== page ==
Puppy teeth care and cleaning is one of the puppy care tasks that is easy to get right, doesn't take long, and can have a big impact on Rascal's overall health.
Strong healthy teeth and gums means no oral disease, no plaque build-up and lower levels of inflammation in your puppy's body.
Although puppy breath is sweet, as your little guy grows it won't stay that way. However a clean, healthy mouth is the best route to fresh dog breath, at any age.
Your little Rascal's deciduous teeth (his temporary, baby teeth) don't stay in his mouth very long.
The last baby tooth is usually in place by the time he's around two months old, and by the time your pup is six to seven months old he will most likely have lost every one of them and have all his adult teeth in place.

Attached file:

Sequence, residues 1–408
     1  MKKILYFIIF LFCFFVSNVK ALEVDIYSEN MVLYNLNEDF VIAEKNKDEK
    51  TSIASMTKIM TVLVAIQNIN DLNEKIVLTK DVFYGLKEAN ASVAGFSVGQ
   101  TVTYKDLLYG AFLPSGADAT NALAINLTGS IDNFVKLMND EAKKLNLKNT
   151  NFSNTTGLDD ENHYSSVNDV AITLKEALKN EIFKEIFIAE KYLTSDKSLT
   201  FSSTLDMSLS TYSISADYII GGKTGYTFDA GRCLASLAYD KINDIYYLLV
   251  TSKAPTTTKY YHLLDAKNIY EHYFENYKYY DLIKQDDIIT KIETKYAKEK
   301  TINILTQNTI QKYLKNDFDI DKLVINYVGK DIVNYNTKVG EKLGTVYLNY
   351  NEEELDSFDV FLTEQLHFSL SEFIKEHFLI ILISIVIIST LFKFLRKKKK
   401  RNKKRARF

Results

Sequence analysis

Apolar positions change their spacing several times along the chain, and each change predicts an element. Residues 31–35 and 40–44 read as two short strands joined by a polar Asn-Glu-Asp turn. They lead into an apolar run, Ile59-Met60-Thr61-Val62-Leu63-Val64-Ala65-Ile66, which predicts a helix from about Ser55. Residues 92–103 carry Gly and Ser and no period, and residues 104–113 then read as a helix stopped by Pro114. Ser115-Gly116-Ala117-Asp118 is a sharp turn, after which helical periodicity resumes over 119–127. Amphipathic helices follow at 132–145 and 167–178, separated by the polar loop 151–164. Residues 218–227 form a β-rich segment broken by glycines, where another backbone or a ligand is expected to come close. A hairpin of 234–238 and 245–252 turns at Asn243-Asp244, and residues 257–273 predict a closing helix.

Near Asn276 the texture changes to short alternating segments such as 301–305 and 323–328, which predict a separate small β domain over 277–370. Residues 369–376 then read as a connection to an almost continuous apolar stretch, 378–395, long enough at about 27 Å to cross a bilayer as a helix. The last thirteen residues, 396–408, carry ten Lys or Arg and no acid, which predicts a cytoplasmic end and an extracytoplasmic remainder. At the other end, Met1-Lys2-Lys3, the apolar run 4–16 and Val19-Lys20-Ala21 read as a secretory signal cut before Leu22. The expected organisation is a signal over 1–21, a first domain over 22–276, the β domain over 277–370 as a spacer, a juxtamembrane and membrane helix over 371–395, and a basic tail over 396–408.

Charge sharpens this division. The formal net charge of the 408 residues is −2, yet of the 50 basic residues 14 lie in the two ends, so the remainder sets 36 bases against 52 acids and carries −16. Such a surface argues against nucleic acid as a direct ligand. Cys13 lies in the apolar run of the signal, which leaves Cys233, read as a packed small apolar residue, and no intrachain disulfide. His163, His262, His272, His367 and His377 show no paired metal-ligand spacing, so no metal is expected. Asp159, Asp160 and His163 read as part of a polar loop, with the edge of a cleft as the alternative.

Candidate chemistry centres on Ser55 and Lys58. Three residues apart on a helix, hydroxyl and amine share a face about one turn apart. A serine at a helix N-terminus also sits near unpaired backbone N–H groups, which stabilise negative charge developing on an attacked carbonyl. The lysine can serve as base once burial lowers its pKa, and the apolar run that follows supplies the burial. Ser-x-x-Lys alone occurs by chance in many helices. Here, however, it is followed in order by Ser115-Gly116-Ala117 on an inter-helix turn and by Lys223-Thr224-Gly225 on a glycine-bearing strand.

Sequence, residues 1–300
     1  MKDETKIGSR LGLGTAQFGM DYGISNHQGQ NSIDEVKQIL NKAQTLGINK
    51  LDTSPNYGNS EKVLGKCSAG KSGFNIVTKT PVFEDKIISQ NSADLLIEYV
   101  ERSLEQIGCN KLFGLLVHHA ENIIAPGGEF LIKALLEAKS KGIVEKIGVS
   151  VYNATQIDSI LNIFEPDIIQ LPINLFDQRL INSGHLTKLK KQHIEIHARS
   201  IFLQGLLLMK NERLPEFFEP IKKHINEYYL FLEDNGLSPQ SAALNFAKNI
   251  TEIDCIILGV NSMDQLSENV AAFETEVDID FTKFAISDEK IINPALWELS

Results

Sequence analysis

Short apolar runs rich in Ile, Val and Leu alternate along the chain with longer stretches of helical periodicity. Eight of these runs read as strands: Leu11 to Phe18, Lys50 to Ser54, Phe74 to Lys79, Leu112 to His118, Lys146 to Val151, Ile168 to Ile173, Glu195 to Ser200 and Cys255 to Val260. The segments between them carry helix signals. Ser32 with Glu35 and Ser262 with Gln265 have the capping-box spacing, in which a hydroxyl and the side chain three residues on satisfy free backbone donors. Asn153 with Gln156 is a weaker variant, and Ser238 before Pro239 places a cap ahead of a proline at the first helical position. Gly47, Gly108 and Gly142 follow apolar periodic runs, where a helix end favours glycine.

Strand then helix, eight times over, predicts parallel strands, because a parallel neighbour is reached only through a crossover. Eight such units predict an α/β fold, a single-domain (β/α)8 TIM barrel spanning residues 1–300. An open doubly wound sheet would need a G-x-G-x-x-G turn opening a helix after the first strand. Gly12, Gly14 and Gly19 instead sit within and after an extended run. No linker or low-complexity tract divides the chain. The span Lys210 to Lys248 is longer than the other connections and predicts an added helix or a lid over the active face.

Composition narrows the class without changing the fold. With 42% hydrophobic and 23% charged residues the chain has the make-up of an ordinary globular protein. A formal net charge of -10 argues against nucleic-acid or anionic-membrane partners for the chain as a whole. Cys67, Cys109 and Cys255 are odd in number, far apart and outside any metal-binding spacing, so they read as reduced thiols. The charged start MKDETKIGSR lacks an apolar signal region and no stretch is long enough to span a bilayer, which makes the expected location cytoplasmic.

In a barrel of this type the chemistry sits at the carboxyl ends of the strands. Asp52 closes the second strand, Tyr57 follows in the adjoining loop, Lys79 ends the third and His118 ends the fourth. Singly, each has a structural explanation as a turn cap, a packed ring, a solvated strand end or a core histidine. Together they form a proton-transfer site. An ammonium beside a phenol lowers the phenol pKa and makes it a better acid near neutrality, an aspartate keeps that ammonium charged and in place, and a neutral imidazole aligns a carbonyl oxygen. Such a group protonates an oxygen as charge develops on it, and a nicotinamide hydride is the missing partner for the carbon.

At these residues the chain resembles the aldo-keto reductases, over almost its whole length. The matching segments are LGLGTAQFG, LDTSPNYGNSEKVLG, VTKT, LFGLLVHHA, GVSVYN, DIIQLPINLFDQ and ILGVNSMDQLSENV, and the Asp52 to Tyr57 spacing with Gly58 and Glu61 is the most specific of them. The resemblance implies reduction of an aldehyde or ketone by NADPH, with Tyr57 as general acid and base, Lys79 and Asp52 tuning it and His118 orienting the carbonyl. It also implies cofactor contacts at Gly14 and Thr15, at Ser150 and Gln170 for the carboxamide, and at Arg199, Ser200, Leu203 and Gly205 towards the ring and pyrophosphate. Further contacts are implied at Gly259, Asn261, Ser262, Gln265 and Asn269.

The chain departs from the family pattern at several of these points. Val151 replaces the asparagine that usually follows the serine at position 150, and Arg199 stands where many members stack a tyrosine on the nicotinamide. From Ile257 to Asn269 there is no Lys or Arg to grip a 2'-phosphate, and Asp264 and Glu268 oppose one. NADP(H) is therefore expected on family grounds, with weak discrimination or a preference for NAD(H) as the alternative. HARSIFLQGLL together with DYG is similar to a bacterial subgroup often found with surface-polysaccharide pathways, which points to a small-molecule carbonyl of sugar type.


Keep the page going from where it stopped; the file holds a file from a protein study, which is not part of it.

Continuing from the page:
There's not a lot of puppy teeth care needed to keep these baby teeth in good shape, but it's important to work on getting your pup familiar with having his mouth and teeth examined, and his teeth brushed, during these early months.
This way, each adult tooth that emerges will get proper attention from day one, leading to permanently healthier teeth and gums.
The three things which play major roles in keeping puppy teeth clean and healthy are:
What you feed your puppy has a huge impact on his overall health, and a direct impact on his teeth and gums.
Firstly he needs the right nutrients to grow strong, healthy teeth.
Secondly he needs a food that will help to prevent the plaque build up which is the number one cause of dental disease in dogs.
The natural diet of a non-domesticated dog would be similar to that of wolves... raw meat, raw meaty bones and a small amount of greens.